As the title states, this is a generalized guide. It is based on traditional best practices for handwork. Some of the sizes here may be difficult to find sources for. Thread comes from worldwide sources and varies in size. Different awl widths are notoriously difficult to find. Style variation will have a big effect on some of these sizing choices. At the time of this writing large stitches with wide flat braided threads are in vogue. This guide is still useful. If you proceed by choosing your stitches per inch length first, rather than the leather thickness.
I prepared a preview of several pages from within my book “Drawing Floral Patterns for Leather Tooling.” Please leave a comment, or email if you have questions. The book can be purchased at my store on this site. Be sure to register so you can be notified of future posts. Thanks for checking in, and please enjoy!
Swivel Knife 101
Why Take Less Time When You Can Take More
Why indeed? This is a constant question that, I know, I face constantly when at work in my shop. I'm trying to balance efficiency with vision. It's easy to see where more could be done, so how do I decide when enough is enough? This is a subject that I would like to engage in depth here. For today however, I need to get back into the shop and continue work on an important deadline...
That's the dilemma. Though I tend to come down these days more and more on the side of taking more time, the result of which is that I always have less time to do everything. Glib I know, but that's all I have time for because I want to share this little video about a tool that I started making and using a few years ago. The tool is not a common one, though it certainly is becoming more common all the time. It is the Back Beveler. The picture here shows the depth and sculptural effect that it has on the work, and this short video shows how I use it.
Please enjoy this clip, and please leave questions or comments.
Back Beveling with Gordon Andrus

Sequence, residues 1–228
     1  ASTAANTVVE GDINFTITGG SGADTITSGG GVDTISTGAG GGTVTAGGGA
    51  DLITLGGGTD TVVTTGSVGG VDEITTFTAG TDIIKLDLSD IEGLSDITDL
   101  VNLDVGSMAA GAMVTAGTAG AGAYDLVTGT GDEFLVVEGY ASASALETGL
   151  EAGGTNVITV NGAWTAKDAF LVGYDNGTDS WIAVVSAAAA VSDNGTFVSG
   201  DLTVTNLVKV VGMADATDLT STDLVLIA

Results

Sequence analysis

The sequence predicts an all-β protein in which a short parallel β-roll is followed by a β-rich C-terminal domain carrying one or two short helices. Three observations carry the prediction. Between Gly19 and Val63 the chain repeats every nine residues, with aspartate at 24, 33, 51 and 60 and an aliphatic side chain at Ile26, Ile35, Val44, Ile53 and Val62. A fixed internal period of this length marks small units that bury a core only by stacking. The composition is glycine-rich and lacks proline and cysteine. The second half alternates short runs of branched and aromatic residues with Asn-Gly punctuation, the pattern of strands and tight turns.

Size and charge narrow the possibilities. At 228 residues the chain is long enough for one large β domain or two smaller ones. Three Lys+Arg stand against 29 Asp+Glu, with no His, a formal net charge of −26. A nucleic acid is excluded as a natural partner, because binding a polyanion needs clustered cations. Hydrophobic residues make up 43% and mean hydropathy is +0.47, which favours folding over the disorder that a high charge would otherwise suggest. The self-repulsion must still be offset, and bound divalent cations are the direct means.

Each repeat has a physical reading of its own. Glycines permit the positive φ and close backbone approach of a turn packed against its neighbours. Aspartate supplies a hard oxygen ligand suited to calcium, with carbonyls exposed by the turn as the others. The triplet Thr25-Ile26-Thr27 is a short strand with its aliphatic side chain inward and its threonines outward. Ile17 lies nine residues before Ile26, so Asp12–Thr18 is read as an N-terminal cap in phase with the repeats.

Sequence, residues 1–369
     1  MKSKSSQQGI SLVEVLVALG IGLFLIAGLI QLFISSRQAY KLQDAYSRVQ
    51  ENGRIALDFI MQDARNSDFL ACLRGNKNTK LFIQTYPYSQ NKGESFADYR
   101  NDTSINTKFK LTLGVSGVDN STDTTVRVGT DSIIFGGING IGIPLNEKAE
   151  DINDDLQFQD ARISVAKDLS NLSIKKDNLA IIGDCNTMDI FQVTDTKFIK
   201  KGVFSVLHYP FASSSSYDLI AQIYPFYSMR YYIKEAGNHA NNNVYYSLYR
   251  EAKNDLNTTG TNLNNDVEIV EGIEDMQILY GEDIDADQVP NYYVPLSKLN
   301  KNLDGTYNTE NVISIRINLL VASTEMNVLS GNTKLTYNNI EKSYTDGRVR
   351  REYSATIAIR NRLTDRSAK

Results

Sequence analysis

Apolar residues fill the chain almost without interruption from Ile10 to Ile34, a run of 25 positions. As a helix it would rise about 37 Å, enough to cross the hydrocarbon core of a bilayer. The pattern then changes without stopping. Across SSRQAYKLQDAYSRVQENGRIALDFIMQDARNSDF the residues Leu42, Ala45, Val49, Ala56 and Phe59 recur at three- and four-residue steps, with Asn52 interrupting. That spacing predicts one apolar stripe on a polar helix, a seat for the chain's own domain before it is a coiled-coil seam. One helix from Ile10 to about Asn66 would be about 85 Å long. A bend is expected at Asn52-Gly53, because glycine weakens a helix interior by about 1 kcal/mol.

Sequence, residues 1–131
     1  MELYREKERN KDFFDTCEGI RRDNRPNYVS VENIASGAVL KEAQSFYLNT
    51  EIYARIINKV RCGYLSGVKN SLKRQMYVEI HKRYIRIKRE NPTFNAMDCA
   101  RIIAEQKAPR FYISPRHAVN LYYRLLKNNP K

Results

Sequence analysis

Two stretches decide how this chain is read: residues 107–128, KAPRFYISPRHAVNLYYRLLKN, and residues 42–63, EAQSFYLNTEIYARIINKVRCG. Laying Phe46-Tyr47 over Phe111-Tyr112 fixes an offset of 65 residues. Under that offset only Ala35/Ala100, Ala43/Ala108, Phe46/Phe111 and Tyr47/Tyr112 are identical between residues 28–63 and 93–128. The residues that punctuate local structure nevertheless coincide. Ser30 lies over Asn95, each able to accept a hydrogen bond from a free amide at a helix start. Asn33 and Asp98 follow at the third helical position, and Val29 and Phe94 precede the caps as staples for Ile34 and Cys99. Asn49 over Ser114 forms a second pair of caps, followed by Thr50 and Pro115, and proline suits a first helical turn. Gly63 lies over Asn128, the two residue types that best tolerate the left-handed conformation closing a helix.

Recent years have seen a resurgence of interest in the simple elegance of hand stitched leather work. Mastery with needle and thread is the most fundamental skill in the leather arts. Stitching leather pieces together is a truly ancient skill, which in times past became an art form. The refinement of this form reached a remarkable level among 19th century shoe and boot makers known as Cordwainers, and references can be found for exhibition work being stitched at 64 to the inch.
"St. Crispin IX, 1873 p.181: case of prize-work for Lobb, including jockey with 60 - 1" (this may be Devlin's.)
1876 Philadelphia Centennial Exhn: Gray Bros., Syracuse, NY exhibited 'welts' made by Sandy McCarthy, including 1 pr with 64 stitches to 1" round the forepart.
Wore 2 pr spectacles to do them." From the Crispin Colloquy. An internet discussion forum for traditional bespoke shoemaking and allied trades.
Shoemakers use a boar bristle like a needle making what is called a "waxed end" to attach it to the thread. The maker James Devlin wrote that when he did this kind of work he used one of his daughter’s hairs as a bristle, fine silk for thread, and that the awl blade that he used could pierce his thumb without pain and without bleeding.
If I hadn't seen so many references to this kind of work, I wouldn't believe it. At that it is still very hard to comprehend. I find that study of the work done by past masters is always a very good source of humility.
I want to take this opportunity to share a handout that I use in my hand stitching classes. I'm currently working on an online course for hand stitching. This step by step reference will be included as part of that course, along with instruction in making butt seams and the box stitch. Courses will include video lessons, slide show presentations and downloadable content. Please register an account here so I can notify you of upcoming coursework and check this blog for more free content that you can use and share with friends.
Below is a brief gallery of hand stitching samples. Thanks for looking in, and I hope you have an enjoyable visit.
What I've put together in this book is a good description of how patterns get put together. I have students come to study with me that don't think they can draw. They leave though, with a better understanding of the layers in a pattern, and the skeleton in the pattern that lets it flow, or keeps it from flowing. They then feel confident in starting to alter the pre-drawn patterns that they use to make them better. Eventually, they start drawing some of their own. The book teaches how to layout floral patterns, and then the important part, how to use elements and principles of design to be able to evaluate the drawings that a person makes, and then more successfully critique and edit them.
This book is truly a work dedicated to building your abilities and your passion for your work. Dig in and really apply yourself and you will be more excited each day.